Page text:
Saturday, August 21, 2010

When Things Get Dark : A Mongolian Winter's Tale
by Matthew Davis

I should have know better as soon as I saw Peter Hessler's one-line review on the outside of the book: "Matthew Davis's portrait of Mongolia is riveting, insightful, and deeply honest." I can't say that I agree with any of this.
Davis goes to Mongolia, as a Peace Corp volunteer, to teach English. He lives his life pretty much the way the people do. The students are not all that interested in learning much of anything and he is not allowed to fail any of them.
The Mongolians are fed up with their lives, so drinking and being drunk are the norm.
The most interesting parts of the book is when Davis writes about the history of the country and the culture.
One thing that I found really irritating was the absence of a pronunciation guide for all of the Mongolian words scattered throughout the text. At the end, there is a glossary, but that's all. I bring this up because of Chinggis Khan. How is this pronounced? Most of us know this revered man in Mongolia (everything is named for him) with his name spelled as Ghengis Khan. Being a language nut, this bothers me. How difficult would it have been, before the story began, to give a brief description of the linguistic nuances?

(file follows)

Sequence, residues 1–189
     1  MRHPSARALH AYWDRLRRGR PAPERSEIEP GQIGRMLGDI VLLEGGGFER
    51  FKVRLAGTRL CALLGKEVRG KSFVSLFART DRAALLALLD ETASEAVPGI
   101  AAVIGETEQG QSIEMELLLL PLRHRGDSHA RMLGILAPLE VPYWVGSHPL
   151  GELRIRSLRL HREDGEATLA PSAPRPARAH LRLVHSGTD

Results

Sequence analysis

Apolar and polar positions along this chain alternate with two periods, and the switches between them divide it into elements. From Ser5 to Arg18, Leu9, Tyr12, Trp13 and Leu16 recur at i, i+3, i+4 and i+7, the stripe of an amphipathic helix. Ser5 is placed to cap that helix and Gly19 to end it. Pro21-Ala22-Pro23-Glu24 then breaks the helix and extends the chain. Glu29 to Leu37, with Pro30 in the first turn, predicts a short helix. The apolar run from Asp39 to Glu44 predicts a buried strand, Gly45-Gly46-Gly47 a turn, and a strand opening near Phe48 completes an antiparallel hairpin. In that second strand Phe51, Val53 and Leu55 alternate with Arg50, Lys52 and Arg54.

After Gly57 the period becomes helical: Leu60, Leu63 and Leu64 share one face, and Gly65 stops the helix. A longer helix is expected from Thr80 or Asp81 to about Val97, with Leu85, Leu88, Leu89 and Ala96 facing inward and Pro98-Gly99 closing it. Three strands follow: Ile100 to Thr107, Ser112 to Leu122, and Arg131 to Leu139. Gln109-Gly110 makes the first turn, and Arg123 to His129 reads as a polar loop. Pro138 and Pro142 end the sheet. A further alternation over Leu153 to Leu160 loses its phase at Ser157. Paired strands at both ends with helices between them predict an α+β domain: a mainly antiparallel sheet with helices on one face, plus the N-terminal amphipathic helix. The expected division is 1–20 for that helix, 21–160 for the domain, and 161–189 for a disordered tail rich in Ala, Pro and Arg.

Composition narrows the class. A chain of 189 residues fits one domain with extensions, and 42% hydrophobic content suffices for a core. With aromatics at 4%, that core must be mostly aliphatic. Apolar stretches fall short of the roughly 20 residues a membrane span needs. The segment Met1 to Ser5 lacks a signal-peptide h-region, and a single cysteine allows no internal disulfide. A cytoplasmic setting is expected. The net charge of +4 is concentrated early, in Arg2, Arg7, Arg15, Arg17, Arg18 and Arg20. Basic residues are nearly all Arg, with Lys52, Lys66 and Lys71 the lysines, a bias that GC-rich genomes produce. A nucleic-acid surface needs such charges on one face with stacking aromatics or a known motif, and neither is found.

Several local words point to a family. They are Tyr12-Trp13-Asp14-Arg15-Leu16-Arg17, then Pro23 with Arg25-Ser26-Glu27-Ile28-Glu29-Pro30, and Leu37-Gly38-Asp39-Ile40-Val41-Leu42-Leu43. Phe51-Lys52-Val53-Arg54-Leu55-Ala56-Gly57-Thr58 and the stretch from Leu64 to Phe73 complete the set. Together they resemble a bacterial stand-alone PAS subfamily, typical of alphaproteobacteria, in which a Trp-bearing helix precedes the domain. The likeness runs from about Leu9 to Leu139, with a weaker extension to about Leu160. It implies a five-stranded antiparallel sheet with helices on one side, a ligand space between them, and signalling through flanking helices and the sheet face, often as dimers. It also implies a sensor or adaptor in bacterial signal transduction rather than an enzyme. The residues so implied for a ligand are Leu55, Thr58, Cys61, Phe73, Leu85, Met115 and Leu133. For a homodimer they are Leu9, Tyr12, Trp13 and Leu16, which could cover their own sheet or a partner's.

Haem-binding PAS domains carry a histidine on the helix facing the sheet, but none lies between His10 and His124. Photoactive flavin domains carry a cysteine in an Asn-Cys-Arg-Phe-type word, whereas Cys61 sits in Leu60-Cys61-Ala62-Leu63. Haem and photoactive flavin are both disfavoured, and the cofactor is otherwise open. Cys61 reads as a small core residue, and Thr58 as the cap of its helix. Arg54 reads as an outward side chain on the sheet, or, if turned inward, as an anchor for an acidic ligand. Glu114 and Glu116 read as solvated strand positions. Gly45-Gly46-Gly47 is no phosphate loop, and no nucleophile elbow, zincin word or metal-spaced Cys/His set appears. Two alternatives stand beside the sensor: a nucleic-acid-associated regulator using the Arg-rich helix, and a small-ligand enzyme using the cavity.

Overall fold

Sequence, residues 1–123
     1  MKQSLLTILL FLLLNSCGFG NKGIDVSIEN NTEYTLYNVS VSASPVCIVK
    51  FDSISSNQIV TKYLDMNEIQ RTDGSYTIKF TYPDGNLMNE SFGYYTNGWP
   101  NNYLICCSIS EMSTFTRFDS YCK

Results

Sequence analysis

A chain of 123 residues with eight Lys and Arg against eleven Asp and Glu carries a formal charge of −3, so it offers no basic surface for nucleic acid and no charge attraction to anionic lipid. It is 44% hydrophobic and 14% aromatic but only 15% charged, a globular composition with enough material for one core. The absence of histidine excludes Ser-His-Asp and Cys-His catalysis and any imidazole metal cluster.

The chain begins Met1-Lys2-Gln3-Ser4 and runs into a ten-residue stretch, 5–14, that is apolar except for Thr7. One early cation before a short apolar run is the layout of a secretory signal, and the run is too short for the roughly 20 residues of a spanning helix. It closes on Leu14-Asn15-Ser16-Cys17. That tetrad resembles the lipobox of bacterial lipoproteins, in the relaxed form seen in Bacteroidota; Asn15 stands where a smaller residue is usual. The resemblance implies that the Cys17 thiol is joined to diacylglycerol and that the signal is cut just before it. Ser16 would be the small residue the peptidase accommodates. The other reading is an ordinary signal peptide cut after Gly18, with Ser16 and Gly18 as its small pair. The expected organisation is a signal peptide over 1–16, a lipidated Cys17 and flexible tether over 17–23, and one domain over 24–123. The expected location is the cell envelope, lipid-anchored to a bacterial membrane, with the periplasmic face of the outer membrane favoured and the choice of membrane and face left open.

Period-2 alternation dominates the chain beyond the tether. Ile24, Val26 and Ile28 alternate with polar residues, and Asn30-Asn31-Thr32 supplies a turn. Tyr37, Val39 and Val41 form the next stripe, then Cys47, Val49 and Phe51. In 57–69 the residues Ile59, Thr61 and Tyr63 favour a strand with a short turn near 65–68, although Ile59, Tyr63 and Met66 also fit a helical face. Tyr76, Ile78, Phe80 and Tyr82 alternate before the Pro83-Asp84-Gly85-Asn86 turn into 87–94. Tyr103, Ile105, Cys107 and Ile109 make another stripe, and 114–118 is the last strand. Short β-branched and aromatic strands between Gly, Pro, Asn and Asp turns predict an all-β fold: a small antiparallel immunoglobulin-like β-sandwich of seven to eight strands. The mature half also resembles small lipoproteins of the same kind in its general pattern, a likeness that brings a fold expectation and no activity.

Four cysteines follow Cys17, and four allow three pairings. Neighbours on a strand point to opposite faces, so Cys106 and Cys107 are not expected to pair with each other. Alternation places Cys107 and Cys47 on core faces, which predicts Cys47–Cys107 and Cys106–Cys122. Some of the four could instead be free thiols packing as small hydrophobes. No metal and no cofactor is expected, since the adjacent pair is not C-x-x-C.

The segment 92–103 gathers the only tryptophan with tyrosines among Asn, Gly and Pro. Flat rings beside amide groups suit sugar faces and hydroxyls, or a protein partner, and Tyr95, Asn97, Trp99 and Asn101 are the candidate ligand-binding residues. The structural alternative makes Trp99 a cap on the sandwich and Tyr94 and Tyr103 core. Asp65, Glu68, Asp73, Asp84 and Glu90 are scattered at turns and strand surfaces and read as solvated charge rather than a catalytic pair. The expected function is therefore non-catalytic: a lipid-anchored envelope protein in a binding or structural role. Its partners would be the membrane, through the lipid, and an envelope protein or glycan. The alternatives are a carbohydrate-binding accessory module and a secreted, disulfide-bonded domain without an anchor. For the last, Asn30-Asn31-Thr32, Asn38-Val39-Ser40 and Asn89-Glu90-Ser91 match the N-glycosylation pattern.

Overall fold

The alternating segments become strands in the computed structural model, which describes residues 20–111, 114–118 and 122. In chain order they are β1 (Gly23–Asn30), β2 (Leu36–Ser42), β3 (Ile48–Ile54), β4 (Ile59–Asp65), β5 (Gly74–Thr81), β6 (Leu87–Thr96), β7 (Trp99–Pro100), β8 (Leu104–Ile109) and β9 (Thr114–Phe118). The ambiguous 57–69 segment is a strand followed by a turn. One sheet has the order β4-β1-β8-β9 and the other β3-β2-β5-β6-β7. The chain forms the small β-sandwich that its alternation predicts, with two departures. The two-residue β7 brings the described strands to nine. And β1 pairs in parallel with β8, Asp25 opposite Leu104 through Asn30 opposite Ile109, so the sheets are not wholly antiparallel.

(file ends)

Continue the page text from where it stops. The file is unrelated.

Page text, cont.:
The book is badly in need of a good editor and was probably never proofread. There are many pages with entire words missing.
I am sure that most of us really have no need or desire to read about Mongolia. This morbid tale took care of that.

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